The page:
February 2004

Society has found hundreds of uses for polyvinyl chloride, the plastic referred to simply as "vinyl" or "PVC." Chances are you have some contact with at least one PVC item every day. Doubtful? Take a look at the yellow checklist of PVC-containing products.

While most plastics are made mostly of petroleum (yes--petroleum--it's true!), only 40 percent of the PVC molecule comes from petroleum; 60 percent of it is chlorine, from salt, NaCl. Chlorine gives PVC useful properties like fire-resistance and durability.

PVC is a thermoplastic--a substance that loses its shape when heated, and then becomes rigid again as it cools. Heat can help shape PVC into countless useful forms. In fact, its thermoplastic properties make recycling PVC relatively easy because, with heat, this material can be reshaped for new uses. PVC and polyethylene, another plastic, are the most widely used of all thermoplastics.

Substituting for Rubber.

Rubber, a natural waterproof product made from the sap of the tropical Hevea tree, was in short supply during World War II. Scientists considered their choices for a rubber substitute and settled on a synthetic material developed in a German laboratory in the 1920's--PVC. The compound had been made by reacting natural materials (petroleum products and chlorine) together. The new substance was waterproof, durable and a good insulator. Among other things, PVC began to replace rubber as an electrical wire insulator on board ships. Because the addition of chlorine adds flame-retardant properties to PVC, vinyl wire insulation proved to be even safer than the original rubber insulation. PVC has been used as an electrical wire insulator since World War II, helping deliver electricity safely.

More and more uses for PVC have been developed over the years--the checklist on these pages indicates the great variety of products manufactured with this material. PVC

Polymer Chemistry
PVC is a kind of polymer. Polymers are large molecules. Large, of course, is relative--PVC is large compared to the water molecule for example, but, being a molecule, it's still very small. Polymers, at the super-microscopic level, look like great bunches of chains or gobs of spaghetti. They are made by chemically linking together many similar smaller units, known as monomers. Vinyl chloride (C2H3Cl ) is the monomer link in the polyvinyl chloride chain. Vinyl chloride may be represented by the structural formula:

Atom Legend

C = Carbon
H = Hydrogen
Cl = Chlorine

Any small section of the polymer looks like this:

Notice that the links between carbon atoms has changed from double-links in the monomer to single-links in the polymer. Single- and double-links represent different types of chemical bonds between atoms. PVC polymer is a fine white powder, or resin, known as vinyl resin. This resin is treated with various additives and modifiers to make the two main types of vinyl.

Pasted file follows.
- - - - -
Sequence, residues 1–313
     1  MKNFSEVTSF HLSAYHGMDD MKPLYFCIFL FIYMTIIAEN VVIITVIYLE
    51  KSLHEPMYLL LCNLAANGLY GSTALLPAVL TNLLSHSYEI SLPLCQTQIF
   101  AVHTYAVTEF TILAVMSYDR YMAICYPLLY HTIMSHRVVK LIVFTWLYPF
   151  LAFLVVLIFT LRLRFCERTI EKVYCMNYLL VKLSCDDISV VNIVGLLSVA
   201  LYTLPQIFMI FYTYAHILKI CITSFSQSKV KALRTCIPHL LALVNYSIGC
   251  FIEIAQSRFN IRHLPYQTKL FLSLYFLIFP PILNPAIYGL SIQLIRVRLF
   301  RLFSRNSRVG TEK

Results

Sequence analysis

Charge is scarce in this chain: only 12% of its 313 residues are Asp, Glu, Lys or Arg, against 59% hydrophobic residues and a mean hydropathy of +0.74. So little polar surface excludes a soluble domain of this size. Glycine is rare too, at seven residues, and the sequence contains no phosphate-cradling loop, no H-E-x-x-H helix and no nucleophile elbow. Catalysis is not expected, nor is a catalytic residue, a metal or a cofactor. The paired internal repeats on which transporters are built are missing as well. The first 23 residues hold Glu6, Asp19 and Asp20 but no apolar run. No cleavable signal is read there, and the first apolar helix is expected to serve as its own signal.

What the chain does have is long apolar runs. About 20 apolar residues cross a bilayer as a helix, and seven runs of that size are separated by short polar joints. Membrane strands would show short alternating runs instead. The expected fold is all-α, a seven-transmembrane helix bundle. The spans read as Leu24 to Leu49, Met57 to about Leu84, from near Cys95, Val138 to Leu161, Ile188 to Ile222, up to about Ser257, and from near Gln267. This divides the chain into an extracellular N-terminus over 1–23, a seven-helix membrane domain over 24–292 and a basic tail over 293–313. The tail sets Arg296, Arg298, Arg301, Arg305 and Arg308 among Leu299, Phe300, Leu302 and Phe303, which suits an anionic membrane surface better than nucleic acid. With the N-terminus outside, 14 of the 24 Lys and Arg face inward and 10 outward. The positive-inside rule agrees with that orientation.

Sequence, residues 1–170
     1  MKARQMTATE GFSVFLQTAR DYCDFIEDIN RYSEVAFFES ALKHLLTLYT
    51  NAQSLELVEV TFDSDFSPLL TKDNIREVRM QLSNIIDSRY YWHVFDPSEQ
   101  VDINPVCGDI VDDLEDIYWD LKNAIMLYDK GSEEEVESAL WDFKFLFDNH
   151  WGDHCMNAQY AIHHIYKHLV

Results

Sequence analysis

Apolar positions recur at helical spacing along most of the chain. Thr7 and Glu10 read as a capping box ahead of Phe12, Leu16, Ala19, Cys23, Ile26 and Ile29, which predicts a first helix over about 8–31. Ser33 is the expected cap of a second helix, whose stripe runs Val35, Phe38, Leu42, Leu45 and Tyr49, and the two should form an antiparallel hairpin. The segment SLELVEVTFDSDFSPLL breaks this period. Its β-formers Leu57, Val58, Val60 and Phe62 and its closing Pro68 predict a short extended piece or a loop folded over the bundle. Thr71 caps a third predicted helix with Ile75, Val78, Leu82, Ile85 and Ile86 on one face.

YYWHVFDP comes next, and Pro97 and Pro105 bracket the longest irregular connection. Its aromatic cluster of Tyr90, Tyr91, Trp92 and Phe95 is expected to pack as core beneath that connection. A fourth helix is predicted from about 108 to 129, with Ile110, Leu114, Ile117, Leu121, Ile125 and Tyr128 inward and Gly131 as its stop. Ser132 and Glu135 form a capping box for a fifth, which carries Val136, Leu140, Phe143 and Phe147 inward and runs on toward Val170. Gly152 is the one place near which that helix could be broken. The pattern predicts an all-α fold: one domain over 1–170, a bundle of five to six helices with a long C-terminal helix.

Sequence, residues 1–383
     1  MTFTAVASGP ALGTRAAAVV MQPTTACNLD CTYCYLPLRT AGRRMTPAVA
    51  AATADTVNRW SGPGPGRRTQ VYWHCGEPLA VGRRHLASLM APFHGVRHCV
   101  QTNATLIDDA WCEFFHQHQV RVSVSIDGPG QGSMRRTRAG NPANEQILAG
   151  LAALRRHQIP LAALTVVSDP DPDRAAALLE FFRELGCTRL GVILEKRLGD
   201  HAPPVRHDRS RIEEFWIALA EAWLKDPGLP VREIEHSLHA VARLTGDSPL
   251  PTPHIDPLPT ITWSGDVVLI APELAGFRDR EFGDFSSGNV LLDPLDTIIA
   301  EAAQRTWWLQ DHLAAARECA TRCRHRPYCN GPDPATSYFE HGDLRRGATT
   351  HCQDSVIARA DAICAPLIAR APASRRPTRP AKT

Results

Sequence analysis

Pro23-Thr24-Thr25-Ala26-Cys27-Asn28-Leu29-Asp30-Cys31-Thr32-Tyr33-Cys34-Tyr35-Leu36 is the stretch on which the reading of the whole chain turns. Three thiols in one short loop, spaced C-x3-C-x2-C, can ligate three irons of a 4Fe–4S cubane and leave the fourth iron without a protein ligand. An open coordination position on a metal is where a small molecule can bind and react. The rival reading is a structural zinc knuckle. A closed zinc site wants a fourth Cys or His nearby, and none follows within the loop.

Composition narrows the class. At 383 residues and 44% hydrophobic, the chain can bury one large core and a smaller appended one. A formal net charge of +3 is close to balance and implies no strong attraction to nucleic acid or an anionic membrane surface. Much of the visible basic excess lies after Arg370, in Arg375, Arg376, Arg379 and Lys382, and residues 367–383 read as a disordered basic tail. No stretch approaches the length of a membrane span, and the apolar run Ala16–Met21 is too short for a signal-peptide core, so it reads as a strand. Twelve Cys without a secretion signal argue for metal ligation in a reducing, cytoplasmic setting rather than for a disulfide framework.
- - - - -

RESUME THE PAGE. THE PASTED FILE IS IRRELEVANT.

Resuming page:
PVC : Rigid or Flexible--Most Versatile!

PVC may be manufactured to be either rigid or flexible. Rigid PVC is used to make construction materials such as home siding and pipes. More than 70 percent of all the PVC made in the U.S. is used in construction. It's no wonder the demand for PVC is a good indicator of the health of a nation's economy.

Flexible PVC, used to make raincoats and shower curtains, for example, is manufactured using compounds known as plasticizers, which make the material soft and flexible.

PVC Improves Life Around the World

PVC pipes have replaced millions of miles of old metal pipes that for years carried clean water into homes and wastewater away. PVC pipes have a big advantage over metal pipes in that they require very little maintenance--they don't rust and corrode and develop slimy coatings where bacteria may grow. Compared to metal pipes, PVC pipes are inexpensive and lightweight (so transporting them is not too costly).

Installing PVC water pipes in a village in Honduras

This is good news for many people in poor communities in the developing world who are finally gaining access to safe water because it is becoming affordable. In addition, The Chlorine Chemistry Council's Water Relief Network® and its partners donate money and chlorine products like PVC and chlorine drinking water disinfectants to help these communities obtain "safe water, delivered safely."

PVC has an important role in health care. Medical blood and intravenous bags and tubing are made of flexible PVC, the ideal material for safely storing and delivering life-giving blood, nutrients and medicines to the sick and injured.

Like the monomers in the PVC polymer chain, the good uses that PVC have been put to go on and on..

Follow-Up Activities

  1. Keep a diary of the PVC items that you use or depend upon for one entire day. Make separate lists of rigid and flexible PVC.

  2. Silk and DNA are examples of natural polymers. Can you name any others?

  3. Using atomic masses of carbon, hydrogen and chlorine found on the Periodic Table of the Elements, calculate the atomic mass of the vinyl chloride monomer. What is weight percent of carbon in the monomer? Of hydrogen? Of chlorine?

  4. For a list of previous "Chlorine Compound of the Month" features, click here.

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